Sno Babies follows two teenage girls — Kristen (Katie Kelly) and Hannah (Paola Andino), as they spiral in and out of heroin addiction in their middle class suburban town. It explores how their addiction came to be, how it remained hidden and its long-lasting impact. It also depicts sexual violence and the oppressive nature of the familial unit, but not with enough depth to say much meaningfully. The film also threads in stories following three other townspeople to create a fuller picture of this specific suburbia. Kristen’s mum, real estate agent Clare (Shannan Wilson), is on the brink of a promotion and therefore career-focused to the extreme; unable to notice her own daughter’s heroin addiction or pregnancy. Clare is trying to sell a house to money-strapped Matt (Michael Lombardi) and his wife Anna (Molly Logan Chase) who is struggling to get pregnant. Matt is the warden of a nature reserve that has been blighted by a mysterious animal on the loose that is hard for Matt to find or get rid of and that eventually ends up killing someone. This seems like a veiled metaphor but also does well to create an eerie undercurrent — if we didn’t already know something in this town wasn’t quite right.
The cast is great, particularly the lead Katie Kelly, but director Bridget Smith is the real star. Allowing the cast to be at their best, her secure and controlled direction leads us through the story; especially the wince-inducing scenes of the teenage girls shooting-up where we are placed close but not within, we are just bystanders observing with extreme empathy. The film intercuts anachronistic scenes together in a creative way of forming the story and focusing it on the town as a whole and how those people are connected.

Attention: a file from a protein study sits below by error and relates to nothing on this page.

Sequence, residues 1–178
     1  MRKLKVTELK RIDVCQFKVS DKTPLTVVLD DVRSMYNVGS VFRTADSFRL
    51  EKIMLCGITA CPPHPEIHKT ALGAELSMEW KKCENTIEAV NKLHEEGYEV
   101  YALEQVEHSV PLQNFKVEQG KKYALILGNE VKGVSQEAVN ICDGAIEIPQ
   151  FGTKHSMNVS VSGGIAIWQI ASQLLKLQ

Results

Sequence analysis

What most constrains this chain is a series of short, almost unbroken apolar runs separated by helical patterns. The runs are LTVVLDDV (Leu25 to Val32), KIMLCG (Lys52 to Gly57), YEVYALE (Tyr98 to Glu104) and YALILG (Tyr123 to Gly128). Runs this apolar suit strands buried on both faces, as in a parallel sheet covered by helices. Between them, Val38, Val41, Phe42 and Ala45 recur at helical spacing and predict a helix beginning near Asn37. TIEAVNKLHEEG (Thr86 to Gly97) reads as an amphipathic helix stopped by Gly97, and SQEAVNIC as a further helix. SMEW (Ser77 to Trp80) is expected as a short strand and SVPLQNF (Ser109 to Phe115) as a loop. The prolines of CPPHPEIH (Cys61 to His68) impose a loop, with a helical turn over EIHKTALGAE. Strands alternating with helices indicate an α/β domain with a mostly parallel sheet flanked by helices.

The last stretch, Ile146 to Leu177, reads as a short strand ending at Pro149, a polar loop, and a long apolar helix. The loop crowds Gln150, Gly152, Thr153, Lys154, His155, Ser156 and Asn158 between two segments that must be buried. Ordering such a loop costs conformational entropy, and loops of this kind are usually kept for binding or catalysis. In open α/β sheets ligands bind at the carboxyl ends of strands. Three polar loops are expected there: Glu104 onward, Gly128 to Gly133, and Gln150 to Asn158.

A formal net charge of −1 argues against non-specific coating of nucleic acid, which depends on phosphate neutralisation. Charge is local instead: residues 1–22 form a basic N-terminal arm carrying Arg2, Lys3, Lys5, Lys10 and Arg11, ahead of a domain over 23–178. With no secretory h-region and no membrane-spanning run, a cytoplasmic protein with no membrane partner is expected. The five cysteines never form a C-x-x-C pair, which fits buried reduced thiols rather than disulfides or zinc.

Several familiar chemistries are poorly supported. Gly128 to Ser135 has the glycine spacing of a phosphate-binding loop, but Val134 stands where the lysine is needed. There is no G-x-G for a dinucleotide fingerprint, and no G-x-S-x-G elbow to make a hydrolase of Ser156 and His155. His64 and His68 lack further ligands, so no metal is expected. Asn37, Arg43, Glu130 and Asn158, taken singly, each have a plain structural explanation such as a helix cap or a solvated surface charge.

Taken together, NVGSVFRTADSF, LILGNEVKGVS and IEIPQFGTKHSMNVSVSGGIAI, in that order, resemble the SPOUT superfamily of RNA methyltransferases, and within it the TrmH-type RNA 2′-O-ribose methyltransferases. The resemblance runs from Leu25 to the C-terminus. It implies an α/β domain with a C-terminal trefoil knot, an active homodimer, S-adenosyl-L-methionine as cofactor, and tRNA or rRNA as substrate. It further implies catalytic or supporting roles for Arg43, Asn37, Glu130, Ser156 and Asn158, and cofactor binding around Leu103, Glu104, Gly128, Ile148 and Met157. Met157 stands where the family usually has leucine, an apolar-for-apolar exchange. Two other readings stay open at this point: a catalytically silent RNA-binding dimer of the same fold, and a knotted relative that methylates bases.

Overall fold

Unfortunately, the writing is weak. Upon meeting the characters for the first time the dialogue is all clunky exposition, spelling out to us that Kristen wants to go to college, Clare is a pushy mother and Matt is worried about money. This makes the characters feel like contrived cliches. However, it does improve as the story grows and feels more comfortable with its characters, but there are some melodramatic moments in the film that are veered over the edge into a cliche by the music. The soundtrack is important to the film; the production company Better Noise Films is an offshoot of an independent record label founded by Mӧtley Crüe manager Allen Kovac and the film does have a certain musicality to it. However, the song choices sometimes feel shoe-horned in and make some moments feel insincere.
This is definitely true of the final act of the film. Themes that the film was exploring — like the suburban facade and the unforgiving cruelty of addiction — are spelled out in capital letters after an hour and a half of building them up. It feels like a high school anti-drug video, especially with moments like Kristen, with unnatural dialogue, explaining to her babysitter (acting as the audience surrogate) how and why her heroin addiction developed. Although the body of the film portrays addiction movingly well, the moments of far-fetched melodrama and cliche means the film probably wouldn’t even function very well as that high school anti-drug video.
Sno Babies will be available on VOD from September 29th
by Madeleine Sinclair
Madeleine (she/her) is a film student at the University of Winchester currently working on a dissertation on women killers in giallo films. She’s a big horror fan (the tackier the better) and also loves sci-fi and fantasy. Right now, she thinks her favourite films are Pan’s Labyrinth, The Wicker Man and Deep Red but she is also very indecisive. You can follow her on Twitter and Instagram at @madeleinia and Letterboxd here